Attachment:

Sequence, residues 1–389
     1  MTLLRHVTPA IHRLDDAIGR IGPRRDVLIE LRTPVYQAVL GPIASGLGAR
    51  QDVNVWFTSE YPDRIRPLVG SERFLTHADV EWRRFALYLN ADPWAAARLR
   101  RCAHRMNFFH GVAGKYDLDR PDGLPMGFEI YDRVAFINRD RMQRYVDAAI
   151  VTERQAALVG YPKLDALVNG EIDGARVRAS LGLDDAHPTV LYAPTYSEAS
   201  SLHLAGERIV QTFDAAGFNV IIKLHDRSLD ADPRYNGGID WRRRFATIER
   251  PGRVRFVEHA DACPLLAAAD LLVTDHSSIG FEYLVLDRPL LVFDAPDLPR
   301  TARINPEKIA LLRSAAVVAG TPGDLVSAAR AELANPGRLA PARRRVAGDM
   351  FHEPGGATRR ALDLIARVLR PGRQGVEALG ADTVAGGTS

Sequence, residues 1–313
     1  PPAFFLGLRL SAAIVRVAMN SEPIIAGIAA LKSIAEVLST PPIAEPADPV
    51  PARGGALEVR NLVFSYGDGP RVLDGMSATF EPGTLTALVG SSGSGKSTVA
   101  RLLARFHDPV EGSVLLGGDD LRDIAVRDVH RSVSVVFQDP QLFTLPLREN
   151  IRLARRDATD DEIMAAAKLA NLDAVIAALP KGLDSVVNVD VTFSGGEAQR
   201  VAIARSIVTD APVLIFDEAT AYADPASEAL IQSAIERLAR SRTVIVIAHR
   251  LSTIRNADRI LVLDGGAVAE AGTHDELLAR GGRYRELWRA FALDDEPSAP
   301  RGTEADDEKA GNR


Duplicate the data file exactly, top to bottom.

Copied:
Sequence, residues 1–389
     1  MTLLRHVTPA IHRLDDAIGR IGPRRDVLIE LRTPVYQAVL GPIASGLGAR
    51  QDVNVWFTSE YPDRIRPLVG SERFLTHADV EWRRFALYLN ADPWAAARLR
   101  RCAHRMNFFH GVAGKYDLDR PDGLPMGFEI YDRVAFINRD RMQRYVDAAI
   151  VTERQAALVG YPKLDALVNG EIDGARVRAS LGLDDAHPTV LYAPTYSEAS
   201  SLHLAGERIV QTFDAAGFNV IIKLHDRSLD ADPRYNGGID WRRRFATIER
   251  PGRVRFVEHA DACPLLAAAD LLVTDHSSIG FEYLVLDRPL LVFDAPDLPR
   301  TARINPEKIA LLRSAAVVAG TPGDLVSAAR AELANPGRLA PARRRVAGDM
   351  FHEPGGATRR ALDLIARVLR PGRQGVEALG ADTVAGGTS

Sequence, residues 1–313
     1  PPAFFLGLRL SAAIVRVAMN SEPIIAGIAA LKSIAEVLST PPIAEPADPV
    51  PARGGALEVR NLVFSYGDGP RVLDGMSATF EPGTLTALVG SSGSGKSTVA
   101  RLLARFHDPV EGSVLLGGDD LRDIAVRDVH RSVSVVFQDP QLFTLPLREN
   151  IRLARRDATD DEIMAAAKLA NLDAVIAALP KGLDSVVNVD VTFSGGEAQR
   201  VAIARSIVTD APVLIFDEAT AYADPASEAL IQSAIERLAR SRTVIVIAHR
   251  LSTIRNADRI LVLDGGAVAE AGTHDELLAR GGRYRELWRA FALDDEPSAP
   301  RGTEADDEKA GNR